Transaction Analysis

Transaction analysis, which was developed as of 1945 by Eric Berne (1910-1970), incorporates findings from psychoanalysis, the theory of learning and elements of humanistic psychology. It has now matured into an independent method with a clear diagnositic procedures, a specific treatment plan and measurable therapy goals.

Transaction analysis describes human behavior and experience as a model of language and thought; as a theory of communication, what happens between people; and as a theory of development, the emergence of personality structures and the cause and function of psychosomatic disorders. It is characterised by its easily understandable language.

The aim of transaction analysis is to uncover and understand a persons transactions and behaviour patterns.

The transaction, meaning the words that are exchanged after one person says "Hello...." can lead to pleasant or unpleasant feelings and results. In his research on these joyful/unpleasant experiences of human encounters, Berne recognized that at certain times, in various situations, people find themselves in clearly defined ego states from which they will think, feel and act in a predictable manner.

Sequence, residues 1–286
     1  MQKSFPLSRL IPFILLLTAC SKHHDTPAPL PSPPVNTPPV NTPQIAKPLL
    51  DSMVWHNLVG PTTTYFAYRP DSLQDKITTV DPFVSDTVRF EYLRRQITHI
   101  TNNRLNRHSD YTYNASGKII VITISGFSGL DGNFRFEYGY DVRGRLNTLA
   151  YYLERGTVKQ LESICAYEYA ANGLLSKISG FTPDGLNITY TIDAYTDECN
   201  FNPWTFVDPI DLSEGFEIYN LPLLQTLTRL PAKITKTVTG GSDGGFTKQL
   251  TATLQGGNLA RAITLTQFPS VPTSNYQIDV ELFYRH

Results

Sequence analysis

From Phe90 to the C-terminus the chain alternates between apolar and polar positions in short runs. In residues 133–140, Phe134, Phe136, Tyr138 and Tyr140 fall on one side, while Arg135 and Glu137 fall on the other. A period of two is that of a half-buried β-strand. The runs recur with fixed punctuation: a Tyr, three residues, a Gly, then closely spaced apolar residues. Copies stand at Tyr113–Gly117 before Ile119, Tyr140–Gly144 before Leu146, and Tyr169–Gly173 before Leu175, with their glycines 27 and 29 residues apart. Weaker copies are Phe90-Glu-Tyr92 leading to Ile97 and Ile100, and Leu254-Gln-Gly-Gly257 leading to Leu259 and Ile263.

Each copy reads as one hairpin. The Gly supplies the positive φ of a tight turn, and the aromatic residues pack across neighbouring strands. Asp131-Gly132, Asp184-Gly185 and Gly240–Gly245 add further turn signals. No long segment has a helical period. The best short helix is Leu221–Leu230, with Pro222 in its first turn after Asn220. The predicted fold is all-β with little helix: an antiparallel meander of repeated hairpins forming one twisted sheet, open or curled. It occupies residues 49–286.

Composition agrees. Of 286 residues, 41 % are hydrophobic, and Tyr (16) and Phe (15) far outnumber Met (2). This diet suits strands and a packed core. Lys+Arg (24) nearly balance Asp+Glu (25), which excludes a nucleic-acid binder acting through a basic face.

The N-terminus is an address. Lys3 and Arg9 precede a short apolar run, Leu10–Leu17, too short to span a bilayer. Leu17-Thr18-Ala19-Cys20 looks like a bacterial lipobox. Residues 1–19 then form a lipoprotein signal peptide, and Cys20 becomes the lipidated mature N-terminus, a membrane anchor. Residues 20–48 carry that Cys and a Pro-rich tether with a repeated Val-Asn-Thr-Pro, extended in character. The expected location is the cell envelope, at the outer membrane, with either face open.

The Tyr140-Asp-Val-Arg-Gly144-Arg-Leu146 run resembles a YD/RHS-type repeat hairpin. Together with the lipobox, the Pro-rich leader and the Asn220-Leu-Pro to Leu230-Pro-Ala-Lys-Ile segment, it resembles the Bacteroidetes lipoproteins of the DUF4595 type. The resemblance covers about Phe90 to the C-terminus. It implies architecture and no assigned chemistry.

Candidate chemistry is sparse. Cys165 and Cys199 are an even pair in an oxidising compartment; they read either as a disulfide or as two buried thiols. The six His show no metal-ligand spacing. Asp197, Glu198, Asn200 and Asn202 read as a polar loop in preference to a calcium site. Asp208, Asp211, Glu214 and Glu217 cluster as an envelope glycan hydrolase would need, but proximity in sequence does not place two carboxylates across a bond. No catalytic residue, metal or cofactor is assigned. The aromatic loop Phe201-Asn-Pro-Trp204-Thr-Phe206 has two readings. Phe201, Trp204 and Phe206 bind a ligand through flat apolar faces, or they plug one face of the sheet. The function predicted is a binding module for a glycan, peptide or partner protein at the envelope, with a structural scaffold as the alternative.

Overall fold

In the parent-ego the person has stored attitudes and behavior patterns of parents and authorities, as they were mainly experienced by them themself until the age of 6. The adult ego is a neutral, objective, self-responsible and decision-making state. The child-ego contains many feelings, spontaneity, joy of life, fears, aggressive and adapted behaviour, everything that naturally occurs in the child.

These three ego states can be differently pronounced in each person. Sometimes one state is suppressed, two are in conflict with each other. An adult balanced person should have all three ego states and be able to act according to the situation.

The aim of transaction analysis is to strengthen the adult self of the client in order to make and train new and realistic life decisions from here.